ELF Solar Electric Bicycle-Car Hybrid
Mark Stewart is a bike guy. But Mr. Stewart, a 65-year-old bicycle enthusiast, likes his car, too. By his way of thinking, he can keep his beloved yellow 1998 Saab convertible for a longer time if he rides his bike more. Simple math, he says: drive the car less, and it’ll last longer.
The trouble is, riding a bicycle in his hometown of Cambridge, Mass., can be a bit dicey when winter descends, turning normally quaint lanes into an icy mess. So Mr. Stewart found a solution to his problem. In a move that has surely upstaged electric car drivers in his town, he decided to buy a bicycle that’s like a car.
I had a chance to chat with him as he rested in Midtown Manhattan toward the end of a 1,200-mile trip along the East Coast Greenway, the bicycle-friendly route that meanders in the same general north-south direction as Interstate 95.
The bike-car Mr. Stewart bought for $4,000 is called an Elf. Like a car, it has a chair-like seat, a roof, front and rear windshields, lights and a place to stash luggage. Of course, unlike an automobile, the Elf, built by a company called Organic Transit, has no gasoline engine and no doors. But it does have pedals and an electric motor to propel it forward, and even laden with two extra batteries, chargers and some luggage, Mr. Stewart said he didn’t have too much of a problem riding his about 60 miles per day.
If you catch yourself wondering why he was riding his Elf that far, it’s because when he bought it, he decided to ride it home from where he picked it up at Organic Transit’s Durham, N.C., headquarters. Mr. Stewart was on the road for over two weeks, having traveled along the Greenway and enjoyed the hospitality of strangers.
“I stayed at a couple of hotels, but I gained enough notoriety now that people have been texting me,” he said, explaining that warmshowers.org, a couch-surfing Web site for bike tourists, has been a boon to his sleeping situation, and has allowed him to meet some nice folks in his travels.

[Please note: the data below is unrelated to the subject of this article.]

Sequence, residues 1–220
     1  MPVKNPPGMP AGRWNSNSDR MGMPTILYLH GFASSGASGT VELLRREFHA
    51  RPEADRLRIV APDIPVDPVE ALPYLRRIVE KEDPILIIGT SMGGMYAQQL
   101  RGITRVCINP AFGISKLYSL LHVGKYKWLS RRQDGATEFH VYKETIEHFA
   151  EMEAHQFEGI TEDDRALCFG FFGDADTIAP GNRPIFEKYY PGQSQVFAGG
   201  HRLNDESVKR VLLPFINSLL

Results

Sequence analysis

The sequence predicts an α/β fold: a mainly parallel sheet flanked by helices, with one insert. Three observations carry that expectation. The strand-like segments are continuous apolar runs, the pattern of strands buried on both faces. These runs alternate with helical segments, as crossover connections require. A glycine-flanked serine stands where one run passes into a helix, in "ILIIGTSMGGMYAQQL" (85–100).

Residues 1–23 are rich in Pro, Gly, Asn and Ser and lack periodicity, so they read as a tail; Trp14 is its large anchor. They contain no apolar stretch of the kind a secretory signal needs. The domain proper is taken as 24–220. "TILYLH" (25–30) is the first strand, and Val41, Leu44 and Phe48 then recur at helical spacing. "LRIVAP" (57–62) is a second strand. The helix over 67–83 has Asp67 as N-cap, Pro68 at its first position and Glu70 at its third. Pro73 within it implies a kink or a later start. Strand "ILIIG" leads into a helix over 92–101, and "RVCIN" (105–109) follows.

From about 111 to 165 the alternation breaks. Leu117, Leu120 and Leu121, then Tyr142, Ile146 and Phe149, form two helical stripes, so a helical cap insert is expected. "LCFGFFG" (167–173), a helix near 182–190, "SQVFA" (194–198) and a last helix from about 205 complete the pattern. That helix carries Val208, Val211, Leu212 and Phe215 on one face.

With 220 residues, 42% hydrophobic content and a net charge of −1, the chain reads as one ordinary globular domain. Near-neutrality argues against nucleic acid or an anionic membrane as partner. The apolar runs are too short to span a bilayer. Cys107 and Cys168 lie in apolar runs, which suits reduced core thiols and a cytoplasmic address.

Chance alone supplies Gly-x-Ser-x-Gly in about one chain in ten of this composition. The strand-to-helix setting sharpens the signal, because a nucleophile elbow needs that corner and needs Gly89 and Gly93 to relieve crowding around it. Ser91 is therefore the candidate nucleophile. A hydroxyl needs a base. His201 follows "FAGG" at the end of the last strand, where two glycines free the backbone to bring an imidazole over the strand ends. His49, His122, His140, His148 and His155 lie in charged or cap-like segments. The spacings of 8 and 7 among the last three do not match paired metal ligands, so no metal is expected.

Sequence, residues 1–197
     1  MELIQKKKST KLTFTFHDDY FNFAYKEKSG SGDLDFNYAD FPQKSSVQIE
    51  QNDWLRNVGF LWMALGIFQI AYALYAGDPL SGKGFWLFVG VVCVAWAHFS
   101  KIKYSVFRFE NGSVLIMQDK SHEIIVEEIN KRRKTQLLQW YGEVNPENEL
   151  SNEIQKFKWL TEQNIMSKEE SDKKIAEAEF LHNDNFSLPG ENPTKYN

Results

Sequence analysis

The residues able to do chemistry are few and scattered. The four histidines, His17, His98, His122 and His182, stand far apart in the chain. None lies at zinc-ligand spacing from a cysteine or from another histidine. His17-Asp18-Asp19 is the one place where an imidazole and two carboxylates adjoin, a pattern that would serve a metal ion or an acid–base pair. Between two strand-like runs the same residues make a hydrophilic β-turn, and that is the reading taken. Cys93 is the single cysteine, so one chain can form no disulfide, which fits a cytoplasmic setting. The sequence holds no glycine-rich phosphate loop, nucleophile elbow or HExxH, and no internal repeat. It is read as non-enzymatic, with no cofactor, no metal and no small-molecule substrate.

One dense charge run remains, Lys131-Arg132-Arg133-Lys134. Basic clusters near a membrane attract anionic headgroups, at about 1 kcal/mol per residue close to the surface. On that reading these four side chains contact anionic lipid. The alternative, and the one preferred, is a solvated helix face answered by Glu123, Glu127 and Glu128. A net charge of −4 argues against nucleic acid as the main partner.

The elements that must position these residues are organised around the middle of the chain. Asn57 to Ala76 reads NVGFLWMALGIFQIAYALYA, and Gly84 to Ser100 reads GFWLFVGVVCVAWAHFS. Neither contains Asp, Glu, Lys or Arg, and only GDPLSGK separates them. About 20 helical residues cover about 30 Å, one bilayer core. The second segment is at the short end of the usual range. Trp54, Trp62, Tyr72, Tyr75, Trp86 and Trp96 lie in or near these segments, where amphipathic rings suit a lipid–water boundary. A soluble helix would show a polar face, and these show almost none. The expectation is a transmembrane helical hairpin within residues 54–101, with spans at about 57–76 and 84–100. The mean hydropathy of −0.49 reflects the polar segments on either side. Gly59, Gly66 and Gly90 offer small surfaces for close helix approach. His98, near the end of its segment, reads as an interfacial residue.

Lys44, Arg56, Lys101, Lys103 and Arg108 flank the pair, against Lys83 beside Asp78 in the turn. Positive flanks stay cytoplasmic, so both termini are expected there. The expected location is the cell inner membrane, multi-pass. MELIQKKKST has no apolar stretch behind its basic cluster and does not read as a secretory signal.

Mr. Stewart said his Elf, which is an aluminum-frame three-wheeler – two in the front and a driving wheel in back – is good for about 60 to 90 miles per day. Using only the electric motor, his batteries will last for about 15 miles. But, he said, if he pedals most of the time, only using the electric motor for a bit of assistance now and again, he can go about 30 miles before he has to swap in a fresh battery. Not bad for a bicycle-based vehicle that, as loaded as Mr. Stewart had it for his journey, tips the scales at about 200 pounds.
It’s not the quickest way to travel long distances, but neither is the East Coast Greenway, a Maine-to-Florida route that Mr. Stewart said isn’t quite finished. The route is designed to reduce interference from traffic, as well as plug its travelers into more pleasing environs than the typical interstate highway offers.
If you think about it, Mr. Stewart’s trip isn’t unlike the very first long-distance automobile excursions: he said he’s traveling at about 15 miles per hour, and the sides of the vehicle are open like a phaeton. What he’s missing from the century-ago motoring experience is gasoline and exhaust fumes, breakdowns and a lack of exercise from sitting for too long. Plus, the roads now are much better than they were 100 years ago when people were still figuring out how to travel in cars.
ARTICLE AND IMAGES FROM THE NEW YORK TIMES
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